In the third century BC. Salento was also conquered by the Romans and with it the city. The sources say very little about the period, probable traces remain in some farms, built on the foundations of ancient villas. Little is also known about the etymology of the word Ostuni: it probably derives from the eponymous hero Sturnoi, companion of Diomede, who would have founded it after the Trojan War; later the Romans called it “Sturninum”. However, the term could be mediated from the Messapian or more probably from the Greek
With the disintegration of the Western Empire, Ostuni, like the rest of Italy, was crossed by Ostrogoths, Lombards, Saracens and strenuously defended by the imperial power exercised by the Byzantines. During the Byzantine period, in 876 it became a diocese and gave refuge to the Basilian monks from Syria and Egypt; threatened by Arab expansion, but above all by iconoclasm, the monks took refuge in the same caves that had given refuge to prehistoric men. Between the eleventh and twelfth centuries the Normans conquered the Byzantine settlements in Puglia, unifying them under the county of Puglia established by Roberto il Guiscardo and then becoming the Duchy of Puglia. The Normans also intensified the cultivation of the olive tree and set out precisely the boundaries of the city.
From the second post-war period to now, alongside the development of agriculture and the related processing industry (olive oil, almonds, wine), the city has become a renowned tourist destination, managing to enhance its cultural, historical and architectural. Numerous tourist villages, such as Rosa Marina, of international importance, have sprung up on the coast, one of the cleanest on the Apulian coast. In 2006 it was established on the coast that borders the municipality of Fasan or the Regional Natural Park of the Coastal Dunes from Torre Canne to Torre San Leonardo, a protected area of high naturalistic and landscape interest.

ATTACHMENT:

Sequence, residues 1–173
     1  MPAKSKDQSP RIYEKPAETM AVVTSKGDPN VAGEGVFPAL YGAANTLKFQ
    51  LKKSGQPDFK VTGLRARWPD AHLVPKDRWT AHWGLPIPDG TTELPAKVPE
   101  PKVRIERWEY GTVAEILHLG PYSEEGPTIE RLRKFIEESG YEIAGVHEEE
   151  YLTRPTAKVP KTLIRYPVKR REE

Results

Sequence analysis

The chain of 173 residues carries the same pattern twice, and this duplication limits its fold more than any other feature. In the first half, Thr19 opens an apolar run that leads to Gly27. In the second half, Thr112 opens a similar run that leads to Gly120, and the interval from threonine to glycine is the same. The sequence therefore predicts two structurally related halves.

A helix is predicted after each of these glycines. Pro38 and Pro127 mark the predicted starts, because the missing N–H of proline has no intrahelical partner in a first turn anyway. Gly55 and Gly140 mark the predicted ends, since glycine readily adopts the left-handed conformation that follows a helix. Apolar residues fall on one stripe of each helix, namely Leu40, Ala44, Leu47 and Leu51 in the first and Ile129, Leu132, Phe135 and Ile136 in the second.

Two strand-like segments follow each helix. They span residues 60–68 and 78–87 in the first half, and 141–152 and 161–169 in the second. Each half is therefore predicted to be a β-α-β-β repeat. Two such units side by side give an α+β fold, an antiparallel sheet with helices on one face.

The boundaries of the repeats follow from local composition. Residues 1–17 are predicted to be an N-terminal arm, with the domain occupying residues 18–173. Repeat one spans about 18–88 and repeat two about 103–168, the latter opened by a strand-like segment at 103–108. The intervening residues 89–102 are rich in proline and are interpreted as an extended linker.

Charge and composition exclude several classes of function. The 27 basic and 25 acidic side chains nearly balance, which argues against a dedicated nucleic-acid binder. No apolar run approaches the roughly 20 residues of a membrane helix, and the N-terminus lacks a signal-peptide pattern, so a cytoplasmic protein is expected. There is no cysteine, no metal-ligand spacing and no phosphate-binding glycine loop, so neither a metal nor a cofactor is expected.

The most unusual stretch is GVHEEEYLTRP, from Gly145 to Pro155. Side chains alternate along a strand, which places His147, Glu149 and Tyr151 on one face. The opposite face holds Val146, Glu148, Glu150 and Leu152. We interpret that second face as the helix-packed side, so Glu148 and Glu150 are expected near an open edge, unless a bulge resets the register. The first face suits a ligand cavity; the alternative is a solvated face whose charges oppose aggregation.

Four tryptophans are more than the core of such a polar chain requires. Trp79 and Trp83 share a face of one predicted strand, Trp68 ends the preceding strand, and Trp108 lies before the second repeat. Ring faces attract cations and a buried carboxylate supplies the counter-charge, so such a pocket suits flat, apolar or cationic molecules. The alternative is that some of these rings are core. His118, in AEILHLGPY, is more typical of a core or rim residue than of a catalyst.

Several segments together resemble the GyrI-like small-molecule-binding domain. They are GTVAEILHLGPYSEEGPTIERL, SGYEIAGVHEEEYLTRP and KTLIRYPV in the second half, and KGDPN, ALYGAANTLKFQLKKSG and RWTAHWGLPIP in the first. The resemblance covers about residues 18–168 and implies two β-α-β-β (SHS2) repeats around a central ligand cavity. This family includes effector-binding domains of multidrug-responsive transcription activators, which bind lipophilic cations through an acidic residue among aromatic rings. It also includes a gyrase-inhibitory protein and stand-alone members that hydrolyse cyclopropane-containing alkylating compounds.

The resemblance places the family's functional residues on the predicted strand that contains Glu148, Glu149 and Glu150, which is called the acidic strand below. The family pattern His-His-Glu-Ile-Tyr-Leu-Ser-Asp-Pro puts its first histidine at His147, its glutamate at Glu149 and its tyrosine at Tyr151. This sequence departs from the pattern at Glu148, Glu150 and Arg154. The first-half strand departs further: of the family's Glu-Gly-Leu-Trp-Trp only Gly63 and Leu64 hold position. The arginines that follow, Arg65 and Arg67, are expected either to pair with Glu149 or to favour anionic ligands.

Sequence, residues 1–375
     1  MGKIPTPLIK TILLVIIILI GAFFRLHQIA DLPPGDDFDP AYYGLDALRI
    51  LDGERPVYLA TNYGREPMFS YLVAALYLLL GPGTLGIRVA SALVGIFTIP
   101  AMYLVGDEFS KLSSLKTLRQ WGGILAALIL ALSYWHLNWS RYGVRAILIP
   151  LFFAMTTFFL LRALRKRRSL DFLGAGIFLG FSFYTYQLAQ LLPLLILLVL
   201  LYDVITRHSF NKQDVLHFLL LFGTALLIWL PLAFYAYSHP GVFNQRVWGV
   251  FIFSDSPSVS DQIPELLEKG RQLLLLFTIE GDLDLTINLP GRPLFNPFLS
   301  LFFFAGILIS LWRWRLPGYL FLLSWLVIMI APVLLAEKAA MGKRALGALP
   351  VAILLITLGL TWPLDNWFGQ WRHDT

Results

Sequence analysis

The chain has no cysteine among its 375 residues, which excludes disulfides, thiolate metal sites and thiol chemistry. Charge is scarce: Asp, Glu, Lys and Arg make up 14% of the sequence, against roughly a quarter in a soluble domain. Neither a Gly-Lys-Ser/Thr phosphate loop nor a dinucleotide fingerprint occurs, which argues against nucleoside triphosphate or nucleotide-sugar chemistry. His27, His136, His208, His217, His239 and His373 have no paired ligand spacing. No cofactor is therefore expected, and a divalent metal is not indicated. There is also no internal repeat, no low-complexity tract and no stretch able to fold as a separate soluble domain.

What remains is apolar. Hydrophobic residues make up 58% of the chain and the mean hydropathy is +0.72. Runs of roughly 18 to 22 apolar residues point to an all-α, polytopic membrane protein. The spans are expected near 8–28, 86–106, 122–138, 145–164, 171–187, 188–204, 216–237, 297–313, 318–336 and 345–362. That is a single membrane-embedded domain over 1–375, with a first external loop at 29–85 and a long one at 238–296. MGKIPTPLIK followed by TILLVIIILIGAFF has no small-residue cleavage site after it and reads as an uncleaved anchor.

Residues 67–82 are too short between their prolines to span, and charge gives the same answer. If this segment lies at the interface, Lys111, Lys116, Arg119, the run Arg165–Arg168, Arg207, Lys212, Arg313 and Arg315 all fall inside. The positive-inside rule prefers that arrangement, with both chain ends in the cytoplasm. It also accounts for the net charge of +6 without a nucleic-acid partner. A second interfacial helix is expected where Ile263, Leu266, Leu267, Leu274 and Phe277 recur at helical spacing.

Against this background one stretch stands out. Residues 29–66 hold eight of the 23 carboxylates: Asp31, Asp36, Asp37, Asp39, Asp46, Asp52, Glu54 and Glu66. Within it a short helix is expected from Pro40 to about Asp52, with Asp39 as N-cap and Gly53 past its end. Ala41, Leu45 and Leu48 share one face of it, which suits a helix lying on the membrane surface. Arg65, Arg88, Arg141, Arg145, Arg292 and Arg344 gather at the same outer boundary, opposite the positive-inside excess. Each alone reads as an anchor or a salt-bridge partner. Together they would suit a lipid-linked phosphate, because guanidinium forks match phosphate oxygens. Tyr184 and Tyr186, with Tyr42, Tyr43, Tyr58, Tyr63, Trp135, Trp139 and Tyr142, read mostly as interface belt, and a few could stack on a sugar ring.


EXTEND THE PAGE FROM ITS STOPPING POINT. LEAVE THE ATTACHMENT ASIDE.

The most peculiar feature of the historic center, which fascinated tourists so much, was the whitewashing of the houses up to the roofs. The use, attested since the Middle Ages, derives not only from the easy availability of lime as a raw material, but from the need to ensure greater brightness in the narrow streets and environments of medieval plant, given by both direct and reflected light. As already mentioned, this custom also played an important role historically in the seventeenth century, when lime whitewashing was the only way to prevent the plague from spreading in the town and the contagion increased until it led to its destruction.
This practice, now in decline so much so that the mayor had to issue an ordinance to make it come back into vogue, meant that Ostuni was called the White City or the Nativity City, and it was a feature that made it recognizable and unforgettable to visitors.
Where to sleep in Ostuni?
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Why visit Ostuni?
Ostuni not only takes you for a walk in the history of its rulers over time, but also boasts an unspoiled nature rich in vegetation and animal species.
Visiting the Coastal Dunes Park will allow you to immerse yourself in the typical Apulian landscapes, among centuries-old olive trees and ancient farms.
Before returning home, we recommend another stop in a naturalistic key, the protected area of Torre Guaceto, WWF Nature Reserve. It is half an hour from the city of Ostuni, but its 1200 hectares of vegetation and fauna are worth the detour.